Zayed University facility to provide live learning facility for student teachers, while Sharjah Women's College hails nursery for cutting dropout rate.
Children not the only ones learning at new nursery
ABU DHABI // Zayed University's state-of-the-art nursery will have a second purpose when it opens its Dh3.7 billion campus in September: as a live learning laboratory for its student teachers.
The centre will accommodate up to 150 children from the ages of 1 to 4 and serve as a teaching school for early childhood teachers as well as teachers and childcare professionals from around the emirate.
"It will provide a research environment to support knowledge development on early learning, language development, parent-child interactions and emergent literacy," said Dr Robin Dada, dean of education.
The facility in the capital will provide hands-on practice for the students, she said. Students will have "opportunities to observe children as they work and play, and learn to identify developmental benchmarks", she said.
Key research areas will include language, literacy and numeracy development and how young children manage multiple language environments.
It is not the first institution to offer a service to the community that helps its own teaching programmes. Sharjah Women's College (SWC) opened its nursery in September 2010 and now has more than 40 children, up to the age of four.
"It's been really important for the students because through the four years of the programme there's a teaching practice each semester with graduating levels of complexity," said Dr Georgia Daleure, head of applied arts at SWC, which includes the education department.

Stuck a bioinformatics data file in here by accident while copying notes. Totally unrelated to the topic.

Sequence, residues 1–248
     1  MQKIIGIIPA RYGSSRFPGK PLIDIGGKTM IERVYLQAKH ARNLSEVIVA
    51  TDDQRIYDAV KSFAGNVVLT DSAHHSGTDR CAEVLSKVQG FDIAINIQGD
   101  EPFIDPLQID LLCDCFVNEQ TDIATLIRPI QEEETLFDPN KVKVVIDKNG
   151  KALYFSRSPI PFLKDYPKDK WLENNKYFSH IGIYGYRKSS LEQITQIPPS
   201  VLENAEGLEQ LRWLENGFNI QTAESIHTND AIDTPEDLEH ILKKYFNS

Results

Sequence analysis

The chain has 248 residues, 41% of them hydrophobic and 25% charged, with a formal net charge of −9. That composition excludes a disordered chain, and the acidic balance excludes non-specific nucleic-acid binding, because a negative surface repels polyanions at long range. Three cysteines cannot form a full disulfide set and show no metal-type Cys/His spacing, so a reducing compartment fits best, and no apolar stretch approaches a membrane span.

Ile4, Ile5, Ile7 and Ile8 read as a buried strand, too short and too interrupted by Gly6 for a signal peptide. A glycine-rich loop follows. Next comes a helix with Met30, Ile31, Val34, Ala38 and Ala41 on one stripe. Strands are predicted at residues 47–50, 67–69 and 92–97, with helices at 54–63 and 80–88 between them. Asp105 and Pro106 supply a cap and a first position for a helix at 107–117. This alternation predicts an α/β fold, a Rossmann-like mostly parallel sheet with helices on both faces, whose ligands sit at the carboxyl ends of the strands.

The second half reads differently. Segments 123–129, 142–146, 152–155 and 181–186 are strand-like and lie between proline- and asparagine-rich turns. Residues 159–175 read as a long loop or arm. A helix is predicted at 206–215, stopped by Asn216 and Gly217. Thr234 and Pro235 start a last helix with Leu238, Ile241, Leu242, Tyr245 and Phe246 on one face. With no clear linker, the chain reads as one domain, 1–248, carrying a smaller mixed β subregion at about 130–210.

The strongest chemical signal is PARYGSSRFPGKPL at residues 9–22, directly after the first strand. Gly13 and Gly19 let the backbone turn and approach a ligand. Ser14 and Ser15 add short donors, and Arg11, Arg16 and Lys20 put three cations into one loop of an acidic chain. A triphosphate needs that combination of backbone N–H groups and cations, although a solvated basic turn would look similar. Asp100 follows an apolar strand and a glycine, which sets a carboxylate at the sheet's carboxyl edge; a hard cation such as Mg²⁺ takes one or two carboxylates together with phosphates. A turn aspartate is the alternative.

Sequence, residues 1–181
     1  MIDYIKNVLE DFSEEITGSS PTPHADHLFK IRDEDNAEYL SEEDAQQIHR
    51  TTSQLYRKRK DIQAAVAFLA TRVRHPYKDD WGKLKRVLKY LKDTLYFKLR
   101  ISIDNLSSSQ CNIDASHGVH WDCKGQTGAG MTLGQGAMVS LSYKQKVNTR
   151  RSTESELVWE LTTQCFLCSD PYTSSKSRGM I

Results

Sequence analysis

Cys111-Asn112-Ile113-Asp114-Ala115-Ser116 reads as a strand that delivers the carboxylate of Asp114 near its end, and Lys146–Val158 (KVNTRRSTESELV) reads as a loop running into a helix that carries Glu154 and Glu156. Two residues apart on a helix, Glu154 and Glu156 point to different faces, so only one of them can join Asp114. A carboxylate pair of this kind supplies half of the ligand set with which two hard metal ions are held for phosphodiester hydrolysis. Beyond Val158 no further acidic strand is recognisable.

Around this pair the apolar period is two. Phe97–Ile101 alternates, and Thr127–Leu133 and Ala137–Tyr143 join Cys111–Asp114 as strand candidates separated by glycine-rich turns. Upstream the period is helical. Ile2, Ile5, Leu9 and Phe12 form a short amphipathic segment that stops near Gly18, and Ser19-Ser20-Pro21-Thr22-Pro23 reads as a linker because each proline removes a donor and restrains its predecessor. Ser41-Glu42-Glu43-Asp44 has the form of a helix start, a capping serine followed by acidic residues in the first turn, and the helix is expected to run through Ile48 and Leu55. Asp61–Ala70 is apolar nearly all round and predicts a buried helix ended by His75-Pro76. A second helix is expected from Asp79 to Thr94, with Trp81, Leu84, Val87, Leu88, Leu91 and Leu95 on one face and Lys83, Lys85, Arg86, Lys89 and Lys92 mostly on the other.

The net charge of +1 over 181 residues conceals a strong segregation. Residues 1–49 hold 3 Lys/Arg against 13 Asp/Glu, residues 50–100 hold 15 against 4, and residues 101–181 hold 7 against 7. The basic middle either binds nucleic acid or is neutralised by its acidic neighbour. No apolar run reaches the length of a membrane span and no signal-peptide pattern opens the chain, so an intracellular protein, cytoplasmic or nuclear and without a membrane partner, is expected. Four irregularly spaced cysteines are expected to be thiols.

"First they observe, then they plan, then they teach. If we had to rely on schools, we could, but this facility here we can be sure of the quality."
During the first year of their course, students do one to three hours of practical work a week, advancing to four to eight hours on four days a week in their fourth year.
Four of the nursery's 42 children are the offspring of students at SWC, while seven are the children of staff.
One of the aims was to reduce student dropouts because of childcare issues.
"We have a history of attrition because of this," said Ola Feidi, the manager of the nursery. "This way they don't need to go home and breastfeed. It's private and quiet."
It also gives teaching students access to bilingual teachers, in classes of no more than 12 children.
The Ministry of Social Affairs took control of nurseries last year. Its spot checks ensure quality, said Mrs Feidi, in a sector that was until recently unregulated.
"A lot of problems were happening with unqualified people," she said.
The next step, said Dr Daleure, will be to offer courses for local professionals.
"We want to bring in people like school coordinators and show them what the best practices are and the facilities we have here, so that when they hire our graduates, they realise ... [they] can add value to their institution."
Dubai Women's College had also hoped to open a nursery, but funding has so far prevented it.
"In these times of economic restraint, sources of finance and sponsorship, both in the public and private sectors, are proving very difficult to identify," said Ian Boutler, head of education.
"While there is a great deal of moral support for the project in recognition of the benefits it will undoubtedly bring to both college students and the wider community, there just does not seem to be any organisations or institutions that can back this with cash."